• We have completely reengineered our induction process; the whole of the first day is now about our values, our organisation, what we do and what we expect from our staff . We have also created our own board game “Dilemma” that we play with staff at induction to really bring our values to life
  • We’ve introduce Employee of the Month & Team of the Quarter Awards where both staff and patients can nominate individuals and teams for the awards
  • We’ve simplified our appraisal process, giving values & behaviours much more prominence. We’ve also produced Self-Assessment Tools and Managerial Toolkits to help guide individuals through the process
  • We’ve created a leadership portfolio – A detailed guide of all the training, development, help, support and resources available to managers and leaders at the RNOH
  • We’ve devolved Learning & Development budgets to divisions, with funding calculated on a headcount & staff group basis. We’ve also created an Education Committee to strengthen governance of Education & Development and are currently creating the first fully integrated Education Strategy for the Trust
  • We have really invested in the Health and well being of our staff, including running free exercise classes on site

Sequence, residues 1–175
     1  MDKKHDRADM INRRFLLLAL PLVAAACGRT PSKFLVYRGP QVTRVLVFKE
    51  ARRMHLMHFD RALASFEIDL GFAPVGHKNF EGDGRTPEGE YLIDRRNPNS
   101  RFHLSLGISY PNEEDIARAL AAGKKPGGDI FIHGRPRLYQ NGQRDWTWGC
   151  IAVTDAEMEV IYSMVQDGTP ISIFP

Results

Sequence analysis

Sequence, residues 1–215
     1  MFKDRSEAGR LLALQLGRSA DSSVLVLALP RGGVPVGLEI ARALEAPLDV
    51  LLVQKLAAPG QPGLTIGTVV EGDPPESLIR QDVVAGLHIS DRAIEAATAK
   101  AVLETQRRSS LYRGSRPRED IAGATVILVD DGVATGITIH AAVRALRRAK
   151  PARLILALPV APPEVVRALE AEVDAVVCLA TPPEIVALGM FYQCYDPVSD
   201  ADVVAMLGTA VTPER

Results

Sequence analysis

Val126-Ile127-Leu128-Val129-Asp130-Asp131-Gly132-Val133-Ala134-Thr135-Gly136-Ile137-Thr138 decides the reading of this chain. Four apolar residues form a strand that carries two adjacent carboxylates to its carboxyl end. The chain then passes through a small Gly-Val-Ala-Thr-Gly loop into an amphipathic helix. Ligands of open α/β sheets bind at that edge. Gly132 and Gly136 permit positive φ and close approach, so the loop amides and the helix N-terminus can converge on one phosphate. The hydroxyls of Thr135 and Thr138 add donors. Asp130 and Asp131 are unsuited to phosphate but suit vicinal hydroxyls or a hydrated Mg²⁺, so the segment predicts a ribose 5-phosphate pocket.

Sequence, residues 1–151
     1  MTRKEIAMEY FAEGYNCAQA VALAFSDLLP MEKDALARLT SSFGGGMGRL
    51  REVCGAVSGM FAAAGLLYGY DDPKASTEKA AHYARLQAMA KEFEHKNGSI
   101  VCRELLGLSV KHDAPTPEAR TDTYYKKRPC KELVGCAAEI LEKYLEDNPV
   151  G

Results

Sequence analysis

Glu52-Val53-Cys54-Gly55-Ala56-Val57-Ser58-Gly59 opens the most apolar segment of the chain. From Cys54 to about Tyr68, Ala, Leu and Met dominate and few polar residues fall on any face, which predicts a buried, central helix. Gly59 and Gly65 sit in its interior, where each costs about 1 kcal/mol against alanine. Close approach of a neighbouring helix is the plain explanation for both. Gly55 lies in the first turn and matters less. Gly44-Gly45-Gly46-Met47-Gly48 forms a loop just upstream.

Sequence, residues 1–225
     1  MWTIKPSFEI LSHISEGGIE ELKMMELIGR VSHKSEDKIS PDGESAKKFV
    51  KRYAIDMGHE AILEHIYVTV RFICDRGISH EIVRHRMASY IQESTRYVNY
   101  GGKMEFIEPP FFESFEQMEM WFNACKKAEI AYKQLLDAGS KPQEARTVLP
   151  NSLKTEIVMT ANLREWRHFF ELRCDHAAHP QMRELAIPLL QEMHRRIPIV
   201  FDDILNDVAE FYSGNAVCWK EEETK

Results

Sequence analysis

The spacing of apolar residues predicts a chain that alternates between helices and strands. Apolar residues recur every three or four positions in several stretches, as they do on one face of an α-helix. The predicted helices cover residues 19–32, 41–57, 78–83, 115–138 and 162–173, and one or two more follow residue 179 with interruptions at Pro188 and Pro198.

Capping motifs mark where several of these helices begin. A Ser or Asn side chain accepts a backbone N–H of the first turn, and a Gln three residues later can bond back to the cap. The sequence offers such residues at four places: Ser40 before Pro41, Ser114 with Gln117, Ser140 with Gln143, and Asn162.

• We’ve also fully adopted the Freedom to Speak Up Guardian role, running a nomination process from amongst our staff for FTSU guardians. We went on to appoint 3 staff who have dedicated time for FTSU and last year won FTSU Guardian of the Year

In terms of impact of VAL-YOU, this year the RNOH has improved in 23 of 32 key findings on the NHS staff survey, often significantly. The findings paint a really positive picture of changes going on at the Trust. On Key Finding 3, 95% of our staff feel that they can make a real difference to patient care, the highest score of any NHS Trust in the country. Indeed, on 3 of the Key Findings, we had the best score of any Acute Specialist Trust in the country. We were also very close to the best score in 4 other key findings – just 0.2% behind. We were above average when compared to other Acute Specialist Trusts on 17 of the 32 key findings.  We have also improved our overall staff engagement score from 3.97 to 4.04. The national average for Acute Specialist Trust is 3.95 and the best score for Acute Specialist Trusts was 4.07.

The return on investment from engaging with staff has been measurable in other ways too. We have seen turnover and vacancy rates drop significantly, along with sickness absence. Our scores in the national NHS inpatient and outpatients surveys have also improved correspondingly, once again underlining the real link between staff experience and patient care.

There is still more work to be done here at RNOH; there are teams/directorates of high performance and also areas that continue to be of concern. However, we are now seeing the fruits of our labours.

I would encourage all NHS organisations to use the NHS Staff Survey results as a springboard for change. Take the time to really analyse the results for your organisation and value the insights, whether they be good or bad! Believe me, the benefits are really worth it!

Tags: communication, National Survey Programme, NHS, service improvement, Staff.